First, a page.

Science Teaching and Student Services Center

University of Minnesota

Minneapolis, MN, USA University of Minnesota Hammel, Green and Abrahamson (HGA), Architect-of-Record Education 115,000 ft2 / 10,000 m2 Gold (Certified) Minnesota Concrete Council: Structural Design Merit Award (2010); ARM of Minnesota Commercial Building Project Award (2010); Illuminating Engineering Society (EIS) Illumination Award (2011)

The Science Teaching and Student Services Center (STSS) at the University of Minnesota is prominently sited on a bluff overlooking the Mississippi River. Opposite the Weisman Art Museum at the head of the Washington Avenue Bridge, the building acts as a physical and philosophical gateway to the East Bank campus—the Weisman representing the arts; the new STSS, the sciences.

The Washington Avenue Bridge, which connects the east and west campus, is traversed by 15,000 students each day. The proximity of the STSS to this student thoroughfare makes it an ideal location for classrooms and student services. In addition to science teaching classrooms, Advanced Learning Classrooms (ALCs) and traditionally tiered classrooms, the STSS includes the “One Stop” Center for student services, which accommodates services such as registration, money management, financial planning, and life planning/career services in addition to various administrative offices, conference rooms, and Veterans Affairs offices. The STSS also includes a student lounge, a café area, and numerous informal student study areas of varied scale.

The five-story building is organized with a dense bar of classrooms on the east side facing toward the campus, and a more visually open zone on the west side devoted to the student services program and gathering space for students. The design creates dual uses for circulation space, providing generous classroom corridors and broad stairways to encourage use. Informal study and meeting spaces throughout the building take advantage of program waiting areas after hours. These spaces offer panoramic views of the Mississippi River and downtown Minneapolis skyline. Teaching spaces with raised floors, movable partitions and under-floor air distribution are designed to assure maximum flexibility over time in layouts ranging from traditional tiered classrooms to interactive multi-media project-based teaching configurations.

The building takes cues from its context and expresses its dual purpose. The architectural language contrasts and juxtaposes orthogonal and fluid geometries, the serenity of its form balancing the composition of the adjacent Weisman Art Museum. The rectilinear eastern façade anchors the building volume and relates to the existing campus, while the fluid western façade addresses circulation paths around the site and the dynamism of the Mississippi River.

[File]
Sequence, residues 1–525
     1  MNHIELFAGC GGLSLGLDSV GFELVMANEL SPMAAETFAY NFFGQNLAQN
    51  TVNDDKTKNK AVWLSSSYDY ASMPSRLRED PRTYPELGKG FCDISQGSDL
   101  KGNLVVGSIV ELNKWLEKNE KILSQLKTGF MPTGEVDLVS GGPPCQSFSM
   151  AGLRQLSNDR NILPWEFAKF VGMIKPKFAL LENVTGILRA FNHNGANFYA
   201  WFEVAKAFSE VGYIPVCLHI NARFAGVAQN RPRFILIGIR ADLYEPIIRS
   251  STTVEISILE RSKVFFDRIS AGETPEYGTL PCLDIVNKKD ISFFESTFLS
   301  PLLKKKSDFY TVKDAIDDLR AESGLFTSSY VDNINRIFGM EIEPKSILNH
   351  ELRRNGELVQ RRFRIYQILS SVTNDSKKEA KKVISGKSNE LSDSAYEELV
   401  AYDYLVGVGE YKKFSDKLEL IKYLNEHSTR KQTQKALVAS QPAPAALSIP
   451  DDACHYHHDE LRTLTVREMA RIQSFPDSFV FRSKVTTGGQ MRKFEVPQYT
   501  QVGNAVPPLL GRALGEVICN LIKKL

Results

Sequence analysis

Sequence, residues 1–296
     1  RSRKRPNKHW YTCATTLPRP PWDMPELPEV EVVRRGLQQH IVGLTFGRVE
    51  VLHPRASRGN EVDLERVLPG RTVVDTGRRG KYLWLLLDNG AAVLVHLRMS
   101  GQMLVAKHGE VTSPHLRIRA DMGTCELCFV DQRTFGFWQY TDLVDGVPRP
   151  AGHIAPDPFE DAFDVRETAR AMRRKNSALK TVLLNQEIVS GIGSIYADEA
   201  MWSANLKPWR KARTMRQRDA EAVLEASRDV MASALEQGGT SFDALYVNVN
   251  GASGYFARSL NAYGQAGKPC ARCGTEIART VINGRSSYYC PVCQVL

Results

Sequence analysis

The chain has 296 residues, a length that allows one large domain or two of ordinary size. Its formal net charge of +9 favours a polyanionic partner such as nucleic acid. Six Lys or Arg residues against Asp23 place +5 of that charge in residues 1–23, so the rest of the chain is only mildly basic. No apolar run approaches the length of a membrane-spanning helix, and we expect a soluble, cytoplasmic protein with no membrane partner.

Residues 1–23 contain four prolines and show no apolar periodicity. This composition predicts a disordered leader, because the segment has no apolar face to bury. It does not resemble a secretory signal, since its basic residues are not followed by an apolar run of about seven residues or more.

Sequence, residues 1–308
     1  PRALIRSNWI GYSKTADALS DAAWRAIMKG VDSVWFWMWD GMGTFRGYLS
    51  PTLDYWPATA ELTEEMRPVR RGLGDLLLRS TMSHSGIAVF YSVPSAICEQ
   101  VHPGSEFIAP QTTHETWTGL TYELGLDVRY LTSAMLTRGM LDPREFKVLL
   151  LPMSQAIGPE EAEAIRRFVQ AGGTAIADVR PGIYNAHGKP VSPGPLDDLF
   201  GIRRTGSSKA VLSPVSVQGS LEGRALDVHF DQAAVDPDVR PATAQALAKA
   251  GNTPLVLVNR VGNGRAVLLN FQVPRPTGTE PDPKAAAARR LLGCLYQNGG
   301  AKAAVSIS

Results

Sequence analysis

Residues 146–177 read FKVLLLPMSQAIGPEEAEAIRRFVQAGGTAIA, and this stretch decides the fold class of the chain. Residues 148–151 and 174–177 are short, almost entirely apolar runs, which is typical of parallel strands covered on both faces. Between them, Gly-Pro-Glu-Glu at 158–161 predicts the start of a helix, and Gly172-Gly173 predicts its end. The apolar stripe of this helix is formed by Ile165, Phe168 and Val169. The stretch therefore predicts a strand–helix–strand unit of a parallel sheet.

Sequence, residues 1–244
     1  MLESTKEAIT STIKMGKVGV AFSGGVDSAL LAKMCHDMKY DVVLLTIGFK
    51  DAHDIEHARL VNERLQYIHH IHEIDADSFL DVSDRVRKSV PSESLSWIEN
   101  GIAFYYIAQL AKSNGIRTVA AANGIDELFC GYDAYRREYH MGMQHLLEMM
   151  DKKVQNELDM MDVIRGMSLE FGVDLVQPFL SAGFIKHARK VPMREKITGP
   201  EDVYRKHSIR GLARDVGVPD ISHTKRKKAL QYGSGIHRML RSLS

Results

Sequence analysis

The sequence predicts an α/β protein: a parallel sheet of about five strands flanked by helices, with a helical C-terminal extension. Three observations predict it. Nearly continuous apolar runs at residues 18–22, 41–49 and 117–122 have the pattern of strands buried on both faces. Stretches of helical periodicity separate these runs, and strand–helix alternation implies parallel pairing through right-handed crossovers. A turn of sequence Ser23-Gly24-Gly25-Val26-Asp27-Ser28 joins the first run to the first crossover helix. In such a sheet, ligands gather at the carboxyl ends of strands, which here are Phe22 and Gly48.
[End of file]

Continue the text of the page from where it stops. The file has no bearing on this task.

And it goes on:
Themes of transparency and translucency, reflection and refraction of light, layering of spaces and experiences inform the material and formal vocabulary. Materials relate to the surrounding context of the STSS: stainless steel pier covers face the Weisman Art Museum, while the building’s base echoes the warm ochre color of native Kasota limestone. Polished stainless steel piers with varying-width vertical strip windows reflect the fluidity of the River on the building’s western façade. The eastern façade’s striated brick and syncopated horizontal strip windows reiterate the orthogonal nature of the existing campus buildings.

The vertical drum on the south side of the building contains elevators and core elements. The post-tensioned concrete slab construction is exposed and features cantilevered curvilinear balconies within the narrow western atrium slot. An open, sky-lit circular stair connects all floors of the building, encouraging student interaction while providing views out to the campus and River. A commissioned cable-structured art piece stretches from the base of the stair to skylight.

The STSS exceeds the requirements of Minnesota’s stringent B3 sustainable design code, and has achieved LEED Gold certification. Sustainable strategies employed include day-lighting, natural convection, raised floors employing displacement ventilation, and high-performance glass featuring graduated frit patterns in order to improve energy efficiency and building performance.

Image 1 / 10 | © Tim Griffith